In the four decades since her untimely death at age thirty-four, Eva Hesse (1936–1970) has become internationally renowned for the sculptural assemblages she made beginning in the mid-1960s. Eva Hesse Spectres 1960 presents for the first time a group of eighteen oil paintings created when Hesse was just twenty-four years old. Composed of two bodies of work, the Spectres paintings present a young painter establishing her own creative identity. The first group of intimately scaled paintings features loosely rendered groups of figures related yet spatially disconnected from one another. A group of larger paintings presents odd, otherworldly creatures that bear a distinct resemblance to the artist herself.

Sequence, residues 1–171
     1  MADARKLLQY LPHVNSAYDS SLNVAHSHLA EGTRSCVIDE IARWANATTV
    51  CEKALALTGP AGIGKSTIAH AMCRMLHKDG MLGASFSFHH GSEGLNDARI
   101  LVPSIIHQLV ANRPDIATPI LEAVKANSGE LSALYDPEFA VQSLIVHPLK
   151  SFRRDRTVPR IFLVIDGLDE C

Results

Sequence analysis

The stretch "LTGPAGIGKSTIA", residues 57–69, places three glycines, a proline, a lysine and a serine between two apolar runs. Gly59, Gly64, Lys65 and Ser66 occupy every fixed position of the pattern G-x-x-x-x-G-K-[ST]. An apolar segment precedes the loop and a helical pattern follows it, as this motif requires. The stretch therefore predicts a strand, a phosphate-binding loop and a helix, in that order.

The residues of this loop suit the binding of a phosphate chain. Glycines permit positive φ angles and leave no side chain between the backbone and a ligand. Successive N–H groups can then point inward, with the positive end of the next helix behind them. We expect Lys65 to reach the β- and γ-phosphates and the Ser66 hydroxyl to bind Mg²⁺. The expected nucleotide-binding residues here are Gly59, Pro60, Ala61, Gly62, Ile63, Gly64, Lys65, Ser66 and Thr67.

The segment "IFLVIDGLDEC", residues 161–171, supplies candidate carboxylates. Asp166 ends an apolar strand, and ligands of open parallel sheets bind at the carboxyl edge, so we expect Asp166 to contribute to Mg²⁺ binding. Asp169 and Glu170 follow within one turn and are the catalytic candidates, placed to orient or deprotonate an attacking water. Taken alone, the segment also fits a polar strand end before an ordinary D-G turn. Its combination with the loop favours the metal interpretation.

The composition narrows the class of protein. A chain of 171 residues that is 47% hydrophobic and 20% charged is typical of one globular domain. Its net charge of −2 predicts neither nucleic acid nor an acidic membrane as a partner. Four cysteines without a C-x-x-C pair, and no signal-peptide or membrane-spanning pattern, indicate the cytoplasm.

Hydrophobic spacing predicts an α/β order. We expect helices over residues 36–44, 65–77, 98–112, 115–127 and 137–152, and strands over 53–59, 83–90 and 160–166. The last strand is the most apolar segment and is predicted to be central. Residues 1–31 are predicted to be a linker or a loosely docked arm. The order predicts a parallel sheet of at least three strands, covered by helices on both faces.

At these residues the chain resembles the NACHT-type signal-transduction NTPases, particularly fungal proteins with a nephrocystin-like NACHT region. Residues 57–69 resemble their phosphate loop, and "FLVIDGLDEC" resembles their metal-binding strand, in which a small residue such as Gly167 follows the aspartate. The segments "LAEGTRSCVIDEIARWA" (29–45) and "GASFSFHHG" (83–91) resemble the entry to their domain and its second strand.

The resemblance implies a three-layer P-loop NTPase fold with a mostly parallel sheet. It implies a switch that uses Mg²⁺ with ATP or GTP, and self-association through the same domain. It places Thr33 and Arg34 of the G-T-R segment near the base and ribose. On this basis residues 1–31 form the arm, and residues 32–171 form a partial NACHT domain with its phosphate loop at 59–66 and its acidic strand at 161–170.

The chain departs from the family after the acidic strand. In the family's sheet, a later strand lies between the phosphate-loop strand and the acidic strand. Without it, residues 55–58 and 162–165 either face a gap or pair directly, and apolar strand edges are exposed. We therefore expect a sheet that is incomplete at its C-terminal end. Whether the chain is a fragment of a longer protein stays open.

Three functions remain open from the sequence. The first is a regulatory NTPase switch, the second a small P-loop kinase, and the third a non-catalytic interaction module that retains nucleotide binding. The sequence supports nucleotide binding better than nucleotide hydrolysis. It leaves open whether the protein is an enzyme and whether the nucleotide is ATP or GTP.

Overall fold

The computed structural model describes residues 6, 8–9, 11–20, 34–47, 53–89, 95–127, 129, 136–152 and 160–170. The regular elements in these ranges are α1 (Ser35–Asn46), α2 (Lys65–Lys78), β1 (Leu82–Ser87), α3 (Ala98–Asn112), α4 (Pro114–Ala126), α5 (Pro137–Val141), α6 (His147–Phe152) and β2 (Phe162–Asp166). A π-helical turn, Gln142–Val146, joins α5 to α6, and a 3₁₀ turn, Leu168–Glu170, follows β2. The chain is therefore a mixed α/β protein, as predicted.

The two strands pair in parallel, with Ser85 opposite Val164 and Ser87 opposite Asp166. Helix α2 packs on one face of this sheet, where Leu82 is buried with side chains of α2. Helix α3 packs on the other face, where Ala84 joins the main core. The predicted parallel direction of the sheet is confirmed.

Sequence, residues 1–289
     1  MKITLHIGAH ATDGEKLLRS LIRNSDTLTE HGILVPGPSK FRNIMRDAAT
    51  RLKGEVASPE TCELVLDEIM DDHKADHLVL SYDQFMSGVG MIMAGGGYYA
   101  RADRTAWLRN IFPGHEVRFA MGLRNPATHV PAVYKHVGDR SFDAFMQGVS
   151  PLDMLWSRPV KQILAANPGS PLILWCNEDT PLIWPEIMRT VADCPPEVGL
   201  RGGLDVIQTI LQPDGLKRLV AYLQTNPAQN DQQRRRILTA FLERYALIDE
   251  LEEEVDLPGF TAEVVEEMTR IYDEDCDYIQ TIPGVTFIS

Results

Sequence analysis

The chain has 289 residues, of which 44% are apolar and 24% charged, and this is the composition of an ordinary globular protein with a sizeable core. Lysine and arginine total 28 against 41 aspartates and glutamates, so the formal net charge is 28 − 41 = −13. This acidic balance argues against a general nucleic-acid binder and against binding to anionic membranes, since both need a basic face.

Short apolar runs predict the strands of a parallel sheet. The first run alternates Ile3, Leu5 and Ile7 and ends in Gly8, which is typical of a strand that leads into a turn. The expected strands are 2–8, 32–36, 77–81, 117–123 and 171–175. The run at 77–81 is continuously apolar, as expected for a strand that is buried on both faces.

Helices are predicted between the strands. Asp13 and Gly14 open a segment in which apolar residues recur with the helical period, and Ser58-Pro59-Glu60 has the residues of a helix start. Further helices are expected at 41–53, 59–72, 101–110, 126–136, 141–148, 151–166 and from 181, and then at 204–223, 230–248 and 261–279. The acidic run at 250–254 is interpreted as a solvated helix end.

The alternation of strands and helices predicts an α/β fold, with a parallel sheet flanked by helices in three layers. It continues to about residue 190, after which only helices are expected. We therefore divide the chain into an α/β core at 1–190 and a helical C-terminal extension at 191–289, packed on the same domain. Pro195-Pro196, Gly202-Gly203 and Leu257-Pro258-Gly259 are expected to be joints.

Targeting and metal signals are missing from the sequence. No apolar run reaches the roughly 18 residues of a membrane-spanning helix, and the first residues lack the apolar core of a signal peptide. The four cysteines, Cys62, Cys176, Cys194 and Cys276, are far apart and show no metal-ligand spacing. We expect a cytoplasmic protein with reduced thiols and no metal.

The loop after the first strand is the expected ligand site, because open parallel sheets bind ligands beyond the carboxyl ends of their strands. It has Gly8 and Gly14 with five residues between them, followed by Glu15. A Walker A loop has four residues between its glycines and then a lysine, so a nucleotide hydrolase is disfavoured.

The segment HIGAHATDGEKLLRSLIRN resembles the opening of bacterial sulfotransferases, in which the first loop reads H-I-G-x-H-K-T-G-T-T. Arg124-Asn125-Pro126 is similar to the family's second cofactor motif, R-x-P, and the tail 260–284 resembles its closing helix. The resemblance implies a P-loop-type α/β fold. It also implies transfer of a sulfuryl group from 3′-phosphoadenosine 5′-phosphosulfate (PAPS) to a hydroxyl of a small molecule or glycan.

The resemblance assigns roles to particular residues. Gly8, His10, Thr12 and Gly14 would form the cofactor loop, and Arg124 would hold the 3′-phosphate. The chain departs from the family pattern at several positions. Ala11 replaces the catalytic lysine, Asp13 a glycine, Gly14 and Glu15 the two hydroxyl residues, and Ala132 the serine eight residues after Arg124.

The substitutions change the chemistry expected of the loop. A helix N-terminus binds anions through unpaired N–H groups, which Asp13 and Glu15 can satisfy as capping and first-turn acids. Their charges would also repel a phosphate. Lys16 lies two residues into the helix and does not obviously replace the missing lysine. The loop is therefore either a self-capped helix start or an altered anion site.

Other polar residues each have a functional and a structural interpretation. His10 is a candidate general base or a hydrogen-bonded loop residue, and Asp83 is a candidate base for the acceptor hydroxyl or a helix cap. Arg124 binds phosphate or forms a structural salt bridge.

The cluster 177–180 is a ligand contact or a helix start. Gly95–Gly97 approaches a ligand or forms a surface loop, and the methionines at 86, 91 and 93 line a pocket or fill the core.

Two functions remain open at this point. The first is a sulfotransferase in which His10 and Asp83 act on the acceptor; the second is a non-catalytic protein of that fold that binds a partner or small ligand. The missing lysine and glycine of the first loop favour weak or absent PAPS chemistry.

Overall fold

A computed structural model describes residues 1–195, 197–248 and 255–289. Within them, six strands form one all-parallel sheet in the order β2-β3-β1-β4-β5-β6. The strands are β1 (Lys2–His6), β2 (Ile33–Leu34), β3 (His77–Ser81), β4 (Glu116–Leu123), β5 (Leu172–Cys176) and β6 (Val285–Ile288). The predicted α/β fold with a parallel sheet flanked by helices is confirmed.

Eva Hesse Spectres 1960 focuses on what curator E. Luanne McKinnon calls Hesse's "spectre" paintings. The term refers to an "image or apparition," which describes both the temperament of these works as well as Hesse's examination of herself at this critical point in her maturation as an artist. The exhibition considers these evocative works not merely as self-portraits but as explorations of states of consciousness. Working against critical commentary that has dismissed the paintings as abject exercises in self-deprecation, this exhibition examines them as a testimony to the artist’s private struggles and professional aspirations.